Misplaced privacy concerns

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By Dan Kennedy

An order requiring the town of Nantucket to release documents related to the termination of a high-ranking employee illustrates an all-too-common flaw in the argument that an individual’s privacy needs to be protected. In many cases, local officials, not the individual, are the ones who are trying to avoid disclosure.

The Nantucket Inquirer and Mirror interviews Linda Williams, who was fired last year from her post as the $85,000-a-year administrator of the town’s Zoning Board of Appeals. Williams and the town reached a “confidential” severence agreement some months ago. The Inquirer and Mirror filed a complaint under the state’s public-records law (PDF) And, on Monday, the state Division of Public Records ordered that the agreement be made public.

In defending the town’s actions, town manager Libby Gibson said, “We reached a confidentiality agreement with her [Williams], and we would have been breaking it if we had released this.” Yet Williams herself said she was perfectly happy that the documents had been made public. Staff reporter Jason Graziadei writes:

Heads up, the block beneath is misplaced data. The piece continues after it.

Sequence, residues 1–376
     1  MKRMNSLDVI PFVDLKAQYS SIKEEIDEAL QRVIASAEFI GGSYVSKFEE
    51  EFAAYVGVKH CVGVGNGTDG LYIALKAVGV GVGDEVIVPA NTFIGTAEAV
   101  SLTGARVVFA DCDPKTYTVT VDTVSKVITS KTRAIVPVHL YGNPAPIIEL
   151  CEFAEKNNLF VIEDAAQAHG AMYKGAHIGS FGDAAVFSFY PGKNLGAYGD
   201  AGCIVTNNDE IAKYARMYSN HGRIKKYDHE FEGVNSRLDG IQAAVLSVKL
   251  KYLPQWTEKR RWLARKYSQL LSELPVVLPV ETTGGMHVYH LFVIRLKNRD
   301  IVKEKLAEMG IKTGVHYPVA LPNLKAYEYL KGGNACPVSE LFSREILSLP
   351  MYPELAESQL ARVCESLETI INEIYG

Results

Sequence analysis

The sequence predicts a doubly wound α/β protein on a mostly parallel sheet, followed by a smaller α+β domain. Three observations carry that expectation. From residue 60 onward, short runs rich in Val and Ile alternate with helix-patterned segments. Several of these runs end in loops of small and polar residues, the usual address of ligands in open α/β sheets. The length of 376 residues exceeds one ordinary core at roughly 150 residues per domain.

Williams, a longtime town employee, said she was pleased with the agreement, as well as the fact it was now public, and had not sought a larger cash settlement from the town because she was only seeking her benefits.

“I ended up with what I was owed: my retirement and health insurance, and I think it’s a fair settlement,” Williams said.

The Division of Public Records ruling gets to the heart of why it’s important that such documents be made public:

The public interest in the terms of the settlement agreement outweighs the privacy interest of the parties where the financial compensation in question is drawn on an account held by a government entity and comprised of taxpayer funds. Additionally, disclosure of the settlement amount would assist the public in monitoring government operations.

Exactly right. Local officials should not be able to spend taxpayers’ money without making a full accounting of what they’re spending it on. The Inquirer and Mirror deserves credit for fighting this. The only sour note is that the paper had to file a complaint in the first place. (Via Robert Ambrogi.)

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